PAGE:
Iran is once again cutting its citizens off from the internet in advance of the country’s parliamentary elections. According to reports circulating this morning, the country has blocked most secure socket layer – SSL – connections. That cuts off anything that uses “https” protocols, including most email services, YouTube, and social networks like Facebook and Twitter.
According to a Reuters report this morning, VPN software, which is commonly used by Iranians to bypass the country’s censorship efforts, have also stopped working. Early last week, reports started surfacing that Iran had been blocking access to several email and social networking sites for several days. Google (including Gmail), YouTube, and Facebook were among the sites that were cut off, while Twitter seems to have been left alone, for the most part. The restrictions were apparently lifted just a few days later.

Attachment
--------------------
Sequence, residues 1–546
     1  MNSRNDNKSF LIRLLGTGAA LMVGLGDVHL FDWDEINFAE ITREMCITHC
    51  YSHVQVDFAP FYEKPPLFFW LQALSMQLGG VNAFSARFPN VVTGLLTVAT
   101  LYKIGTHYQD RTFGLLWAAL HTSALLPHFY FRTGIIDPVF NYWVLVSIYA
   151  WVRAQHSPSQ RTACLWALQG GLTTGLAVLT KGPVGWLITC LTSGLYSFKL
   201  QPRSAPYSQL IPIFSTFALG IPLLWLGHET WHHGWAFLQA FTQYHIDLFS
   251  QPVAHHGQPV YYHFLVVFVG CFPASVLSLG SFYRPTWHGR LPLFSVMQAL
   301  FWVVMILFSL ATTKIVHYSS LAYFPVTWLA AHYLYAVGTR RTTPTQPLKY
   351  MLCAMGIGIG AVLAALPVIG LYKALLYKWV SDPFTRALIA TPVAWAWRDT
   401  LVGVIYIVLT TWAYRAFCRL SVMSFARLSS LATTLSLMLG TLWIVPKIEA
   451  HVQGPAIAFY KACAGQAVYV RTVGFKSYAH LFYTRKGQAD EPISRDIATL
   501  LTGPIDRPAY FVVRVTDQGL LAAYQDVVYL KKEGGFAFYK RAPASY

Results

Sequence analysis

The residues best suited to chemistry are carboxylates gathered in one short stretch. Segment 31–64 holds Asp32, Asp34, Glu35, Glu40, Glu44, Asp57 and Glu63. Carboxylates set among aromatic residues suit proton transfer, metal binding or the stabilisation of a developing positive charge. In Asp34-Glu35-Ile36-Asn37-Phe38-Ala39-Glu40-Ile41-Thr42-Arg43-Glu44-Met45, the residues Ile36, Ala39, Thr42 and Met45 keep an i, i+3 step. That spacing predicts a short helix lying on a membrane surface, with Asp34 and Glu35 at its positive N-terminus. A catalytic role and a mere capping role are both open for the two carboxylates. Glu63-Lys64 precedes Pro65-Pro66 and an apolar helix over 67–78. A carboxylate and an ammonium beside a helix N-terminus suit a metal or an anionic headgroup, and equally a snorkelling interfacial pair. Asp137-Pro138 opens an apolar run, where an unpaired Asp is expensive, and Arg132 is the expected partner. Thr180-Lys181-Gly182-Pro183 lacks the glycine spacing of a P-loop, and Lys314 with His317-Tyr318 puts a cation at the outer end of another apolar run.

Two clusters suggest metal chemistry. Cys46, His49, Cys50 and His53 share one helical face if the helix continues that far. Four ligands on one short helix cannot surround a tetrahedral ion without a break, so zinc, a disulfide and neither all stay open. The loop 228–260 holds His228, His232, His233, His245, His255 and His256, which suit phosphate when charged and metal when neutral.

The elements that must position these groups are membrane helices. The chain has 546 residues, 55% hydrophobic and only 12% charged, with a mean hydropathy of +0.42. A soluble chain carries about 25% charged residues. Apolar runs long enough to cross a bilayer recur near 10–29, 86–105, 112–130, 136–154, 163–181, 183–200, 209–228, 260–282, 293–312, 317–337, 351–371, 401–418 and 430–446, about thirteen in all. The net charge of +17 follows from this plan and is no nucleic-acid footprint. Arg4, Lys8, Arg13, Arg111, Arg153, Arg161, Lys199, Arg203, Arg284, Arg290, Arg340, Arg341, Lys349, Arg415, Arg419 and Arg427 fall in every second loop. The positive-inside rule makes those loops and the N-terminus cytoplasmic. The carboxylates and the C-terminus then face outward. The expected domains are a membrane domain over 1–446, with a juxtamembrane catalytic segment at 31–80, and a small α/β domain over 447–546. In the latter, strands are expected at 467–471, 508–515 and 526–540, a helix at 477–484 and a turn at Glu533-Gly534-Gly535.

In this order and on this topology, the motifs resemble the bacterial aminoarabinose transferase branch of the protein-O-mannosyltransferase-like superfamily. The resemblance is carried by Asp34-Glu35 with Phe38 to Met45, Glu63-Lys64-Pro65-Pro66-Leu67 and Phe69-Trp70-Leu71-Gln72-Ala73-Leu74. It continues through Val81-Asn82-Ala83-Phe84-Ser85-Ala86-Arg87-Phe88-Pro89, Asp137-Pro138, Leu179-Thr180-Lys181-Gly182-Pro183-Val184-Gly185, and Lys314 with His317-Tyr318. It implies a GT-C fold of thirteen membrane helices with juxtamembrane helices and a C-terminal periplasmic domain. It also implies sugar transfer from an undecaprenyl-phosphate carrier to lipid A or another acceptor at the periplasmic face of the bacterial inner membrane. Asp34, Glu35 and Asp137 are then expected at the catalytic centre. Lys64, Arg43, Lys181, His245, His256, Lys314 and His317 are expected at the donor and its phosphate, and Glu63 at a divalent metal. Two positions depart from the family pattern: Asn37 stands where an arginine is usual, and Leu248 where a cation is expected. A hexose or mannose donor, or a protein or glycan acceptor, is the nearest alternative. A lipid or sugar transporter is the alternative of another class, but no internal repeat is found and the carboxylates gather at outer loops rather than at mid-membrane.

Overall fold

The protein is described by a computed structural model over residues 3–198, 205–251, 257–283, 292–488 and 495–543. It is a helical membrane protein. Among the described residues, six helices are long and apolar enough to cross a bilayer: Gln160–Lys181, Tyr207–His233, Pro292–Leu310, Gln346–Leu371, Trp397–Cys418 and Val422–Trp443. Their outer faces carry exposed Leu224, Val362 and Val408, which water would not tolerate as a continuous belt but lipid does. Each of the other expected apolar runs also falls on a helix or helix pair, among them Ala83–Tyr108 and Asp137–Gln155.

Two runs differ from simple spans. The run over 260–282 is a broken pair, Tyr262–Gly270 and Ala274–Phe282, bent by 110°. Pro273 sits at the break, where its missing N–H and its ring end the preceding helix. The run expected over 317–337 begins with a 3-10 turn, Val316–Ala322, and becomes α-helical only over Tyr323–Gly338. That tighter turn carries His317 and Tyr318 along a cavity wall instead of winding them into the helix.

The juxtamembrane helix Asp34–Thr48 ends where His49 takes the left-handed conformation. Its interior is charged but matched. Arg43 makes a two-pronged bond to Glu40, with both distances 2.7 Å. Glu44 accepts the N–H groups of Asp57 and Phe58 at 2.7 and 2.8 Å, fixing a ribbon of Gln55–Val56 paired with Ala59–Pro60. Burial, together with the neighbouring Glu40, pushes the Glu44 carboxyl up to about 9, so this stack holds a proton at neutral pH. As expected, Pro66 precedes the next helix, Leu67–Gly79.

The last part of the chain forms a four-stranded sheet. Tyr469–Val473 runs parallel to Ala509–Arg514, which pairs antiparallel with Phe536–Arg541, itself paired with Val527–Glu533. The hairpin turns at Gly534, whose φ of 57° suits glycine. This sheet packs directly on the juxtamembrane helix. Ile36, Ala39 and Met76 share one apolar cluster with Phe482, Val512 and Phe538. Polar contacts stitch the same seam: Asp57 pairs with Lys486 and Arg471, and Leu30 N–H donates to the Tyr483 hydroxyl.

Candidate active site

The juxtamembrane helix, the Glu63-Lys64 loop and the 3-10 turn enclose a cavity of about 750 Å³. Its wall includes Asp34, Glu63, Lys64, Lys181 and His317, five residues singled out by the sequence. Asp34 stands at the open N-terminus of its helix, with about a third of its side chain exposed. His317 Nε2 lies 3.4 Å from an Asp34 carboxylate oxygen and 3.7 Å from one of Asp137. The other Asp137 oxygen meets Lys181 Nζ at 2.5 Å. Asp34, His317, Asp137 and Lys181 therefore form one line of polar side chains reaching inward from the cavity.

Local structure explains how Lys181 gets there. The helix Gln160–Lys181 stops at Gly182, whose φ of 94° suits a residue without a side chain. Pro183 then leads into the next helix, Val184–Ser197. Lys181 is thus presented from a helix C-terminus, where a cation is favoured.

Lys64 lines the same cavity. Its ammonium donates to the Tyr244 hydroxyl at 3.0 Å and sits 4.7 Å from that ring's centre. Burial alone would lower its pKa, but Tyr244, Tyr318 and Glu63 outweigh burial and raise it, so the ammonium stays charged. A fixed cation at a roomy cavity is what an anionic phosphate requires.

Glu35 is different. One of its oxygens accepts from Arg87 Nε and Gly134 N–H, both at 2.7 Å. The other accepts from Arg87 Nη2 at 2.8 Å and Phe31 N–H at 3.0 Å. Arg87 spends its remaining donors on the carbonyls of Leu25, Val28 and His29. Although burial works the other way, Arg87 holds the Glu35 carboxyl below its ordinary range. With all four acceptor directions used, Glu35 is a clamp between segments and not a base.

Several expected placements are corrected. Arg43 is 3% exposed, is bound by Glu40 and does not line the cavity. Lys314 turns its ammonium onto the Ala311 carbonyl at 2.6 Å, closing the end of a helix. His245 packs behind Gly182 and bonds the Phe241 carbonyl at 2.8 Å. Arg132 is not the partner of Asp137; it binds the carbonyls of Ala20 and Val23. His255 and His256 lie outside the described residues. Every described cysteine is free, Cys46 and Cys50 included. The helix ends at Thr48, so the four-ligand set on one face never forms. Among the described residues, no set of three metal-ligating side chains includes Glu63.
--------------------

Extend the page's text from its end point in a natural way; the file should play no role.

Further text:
This latest outage appears to be related to the upcoming parliamentary elections, which are scheduled for March 2. This will be the first time Iran has held national elections since the presidential election of 2009. That election, which current president Mahmoud Ahmadinejad won by a suspiciously large margin. Suspicions of fraud prompted Mir-Hossein Mousavi, the rival candidate, to call on his supporters to engage in non-violent protests. The resulting demonstrations were massive and widespread, lasting several weeks. Social networking sites like Twitter played a major role both in organizing the protests and in getting news about what was going on in Iran to the outside world. It is likely that the current round of internet blockage in Iran is geared toward preventing a repeat of those events.